“But now I urge you to keep up your courage, because not one of you will be lost; only the ship will be destroyed. Last night an angel of the God to whom I belong and whom I serve stood beside me and said, ‘Do not be afraid, Paul. You must stand trial before Caesar; and God has graciously given you the lives of all who sail with you.’ So keep up your courage, men, for I have faith in God that it will happen just as he told me. Nevertheless, we must run aground on some island.” (Acts 27:22-26)

And let faith give you courage. God may not have spoken to you as clearly as He did to Paul, but He is surely with you nevertheless. He is at your side as you fall from the ship. He swims alongside you to the shore. He is your Rock of salvation. He loves you even when it feels like no one could.

Second, stay strong.

Just before dawn Paul urged them all to eat. “For the last fourteen days,” he said, “you have been in constant suspense and have gone without food—you haven’t eaten anything. Now I urge you to take some food. You need it to survive. Not one of you will lose a single hair from his head.” After he said this, he took some bread and gave thanks to God in front of them all. Then he broke it and began to eat. They were all encouraged and ate some food themselves. (Acts 27:33-36)

Just as Paul urged his shipmates to eat, you must eat, sleep, wash, work – do all that you need to do to sustain yourself through the storm. God has good things in store for you, and you need to be fit and ready when they come.

Third, hold on.

He ordered those who could swim to jump overboard first and get to land. The rest were to get there on planks or on other pieces of the ship. In this way everyone reached land safely. (Acts 27:43b-44)

If you can swim then swim to safety, but if you can’t, find something to hold onto – somebody, some hope, whatever can continue to give your life meaning until you reach solid ground.

Fourth, reach out.

The islanders showed us unusual kindness. They built a fire and welcomed us all because it was raining and cold… There was an estate nearby that belonged to Publius, the chief official of the island. He welcomed us to his home and showed us generous hospitality for three days. (Acts 28:2,7)

There is someone who can help you recover from your trauma. There is someone who can understand, who can put things in perspective, who can ready you for the next stage of your journey. It might be a family member, or a friend, or a pastor or a counsellor. Maybe like Paul you will find help in the kindness of strangers. God places people in position for you at times like these, but you won’t see them unless you look.

Fifth, take your time.

After three months we put out to sea in a ship that had wintered in the island… (Acts 28:11a)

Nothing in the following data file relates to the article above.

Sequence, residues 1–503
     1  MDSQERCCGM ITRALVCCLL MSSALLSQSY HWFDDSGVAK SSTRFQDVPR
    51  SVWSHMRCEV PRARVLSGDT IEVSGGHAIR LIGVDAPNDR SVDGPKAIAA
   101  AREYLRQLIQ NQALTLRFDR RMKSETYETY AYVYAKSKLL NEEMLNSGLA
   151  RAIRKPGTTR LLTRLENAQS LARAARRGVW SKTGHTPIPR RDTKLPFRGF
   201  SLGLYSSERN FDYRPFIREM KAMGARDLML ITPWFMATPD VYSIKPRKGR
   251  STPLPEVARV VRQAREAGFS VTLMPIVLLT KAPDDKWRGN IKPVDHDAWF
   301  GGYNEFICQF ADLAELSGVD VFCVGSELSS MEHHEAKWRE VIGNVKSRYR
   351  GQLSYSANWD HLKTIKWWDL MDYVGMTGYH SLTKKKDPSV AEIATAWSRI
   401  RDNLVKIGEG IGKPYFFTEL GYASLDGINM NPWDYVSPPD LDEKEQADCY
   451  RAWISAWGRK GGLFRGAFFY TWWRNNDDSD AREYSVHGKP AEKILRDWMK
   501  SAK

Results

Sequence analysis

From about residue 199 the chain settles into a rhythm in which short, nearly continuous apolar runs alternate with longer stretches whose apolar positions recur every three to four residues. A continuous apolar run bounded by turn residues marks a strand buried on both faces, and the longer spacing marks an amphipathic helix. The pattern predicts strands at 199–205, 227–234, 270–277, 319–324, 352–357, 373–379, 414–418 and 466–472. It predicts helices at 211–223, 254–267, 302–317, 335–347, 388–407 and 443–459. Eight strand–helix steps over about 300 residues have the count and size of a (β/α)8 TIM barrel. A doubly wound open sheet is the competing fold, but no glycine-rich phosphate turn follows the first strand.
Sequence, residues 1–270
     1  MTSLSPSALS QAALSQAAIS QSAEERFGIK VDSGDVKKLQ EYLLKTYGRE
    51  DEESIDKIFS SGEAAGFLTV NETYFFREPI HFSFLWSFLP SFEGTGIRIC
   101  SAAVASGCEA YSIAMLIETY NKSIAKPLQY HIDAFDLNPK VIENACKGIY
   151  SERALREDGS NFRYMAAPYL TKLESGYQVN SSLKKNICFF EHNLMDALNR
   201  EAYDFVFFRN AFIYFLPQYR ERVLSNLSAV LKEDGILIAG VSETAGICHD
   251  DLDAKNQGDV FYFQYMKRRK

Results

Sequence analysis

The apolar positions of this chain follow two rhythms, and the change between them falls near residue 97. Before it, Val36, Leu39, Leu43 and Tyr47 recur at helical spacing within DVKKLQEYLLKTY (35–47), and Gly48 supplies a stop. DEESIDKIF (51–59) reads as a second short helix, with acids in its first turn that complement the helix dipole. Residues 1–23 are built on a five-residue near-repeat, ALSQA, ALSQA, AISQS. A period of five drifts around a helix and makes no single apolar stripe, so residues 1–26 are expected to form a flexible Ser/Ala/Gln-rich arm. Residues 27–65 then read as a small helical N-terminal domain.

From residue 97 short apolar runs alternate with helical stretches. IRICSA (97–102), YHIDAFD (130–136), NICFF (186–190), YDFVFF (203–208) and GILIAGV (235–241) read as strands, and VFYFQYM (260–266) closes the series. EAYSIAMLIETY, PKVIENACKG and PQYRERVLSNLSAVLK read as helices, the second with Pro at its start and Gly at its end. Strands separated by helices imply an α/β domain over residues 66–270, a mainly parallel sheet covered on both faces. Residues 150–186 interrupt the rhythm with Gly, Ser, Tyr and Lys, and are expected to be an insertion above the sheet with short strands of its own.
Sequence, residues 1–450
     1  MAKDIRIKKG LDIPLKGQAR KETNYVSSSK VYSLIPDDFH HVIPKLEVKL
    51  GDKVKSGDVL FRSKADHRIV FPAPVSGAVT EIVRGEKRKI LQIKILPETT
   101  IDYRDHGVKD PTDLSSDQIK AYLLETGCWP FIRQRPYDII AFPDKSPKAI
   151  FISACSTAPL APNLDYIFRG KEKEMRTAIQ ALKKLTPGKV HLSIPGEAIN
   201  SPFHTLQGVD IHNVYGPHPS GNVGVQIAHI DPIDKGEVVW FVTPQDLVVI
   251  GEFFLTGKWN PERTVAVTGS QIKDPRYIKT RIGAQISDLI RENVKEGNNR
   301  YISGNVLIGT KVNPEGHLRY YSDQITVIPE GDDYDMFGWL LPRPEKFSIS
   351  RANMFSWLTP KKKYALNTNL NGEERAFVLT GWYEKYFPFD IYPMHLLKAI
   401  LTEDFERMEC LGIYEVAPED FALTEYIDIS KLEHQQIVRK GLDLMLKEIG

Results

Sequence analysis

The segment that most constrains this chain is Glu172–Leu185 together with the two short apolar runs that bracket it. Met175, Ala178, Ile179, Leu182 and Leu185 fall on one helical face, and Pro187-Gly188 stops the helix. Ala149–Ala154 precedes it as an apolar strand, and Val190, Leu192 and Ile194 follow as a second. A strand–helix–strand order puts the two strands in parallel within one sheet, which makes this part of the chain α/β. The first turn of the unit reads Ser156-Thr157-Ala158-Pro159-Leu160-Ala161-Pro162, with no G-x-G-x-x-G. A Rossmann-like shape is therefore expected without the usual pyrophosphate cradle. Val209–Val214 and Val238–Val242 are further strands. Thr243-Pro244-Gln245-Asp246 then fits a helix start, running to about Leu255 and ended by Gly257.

Paul spent three months in Malta. Some of that time was spent recovering, and some was spent being useful to the islanders – healing the sick. However long it takes until you are ready to set sail again, don’t neglect your new circumstance, and the opportunities it may give you to help yourself or others.

Throughout it all, pray, give thanks, and remember – you are not alone.

When it was decided that we would sail for Italy, Paul and some other prisoners were handed over to a centurion named Julius, who belonged to the Imperial Regiment. We boarded a ship from Adramyttium about to sail for ports along the coast of the province of Asia, and we put out to sea. Aristarchus, a Macedonian from Thessalonica, was with us.

The next day we landed at Sidon; and Julius, in kindness to Paul, allowed him to go to his friends so they might provide for his needs. From there we put out to sea again and passed to the lee of Cyprus because the winds were against us. When we had sailed across the open sea off the coast of Cilicia and Pamphylia, we landed at Myra in Lycia. There the centurion found an Alexandrian ship sailing for Italy and put us on board. We made slow headway for many days and had difficulty arriving off Cnidus. When the wind did not allow us to hold our course, we sailed to the lee of Crete, opposite Salmone. We moved along the coast with difficulty and came to a place called Fair Havens, near the town of Lasea.

Much time had been lost, and sailing had already become dangerous because by now it was after the Day of Atonement. So Paul warned them, “Men, I can see that our voyage is going to be disastrous and bring great loss to ship and cargo, and to our own lives also.” But the centurion, instead of listening to what Paul said, followed the advice of the pilot and of the owner of the ship. Since the harbor was unsuitable to winter in, the majority decided that we should sail on, hoping to reach Phoenix and winter there. This was a harbor in Crete, facing both southwest and northwest.

When a gentle south wind began to blow, they saw their opportunity; so they weighed anchor and sailed along the shore of Crete. Before very long, a wind of hurricane force, called the Northeaster, swept down from the island. The ship was caught by the storm and could not head into the wind; so we gave way to it and were driven along. As we passed to the lee of a small island called Cauda, we were hardly able to make the lifeboat secure, so the men hoisted it aboard. Then they passed ropes under the ship itself to hold it together. Because they were afraid they would run aground on the sandbars of Syrtis, they lowered the sea anchor and let the ship be driven along. We took such a violent battering from the storm that the next day they began to throw the cargo overboard. On the third day, they threw the ship’s tackle overboard with their own hands. When neither sun nor stars appeared for many days and the storm continued raging, we finally gave up all hope of being saved.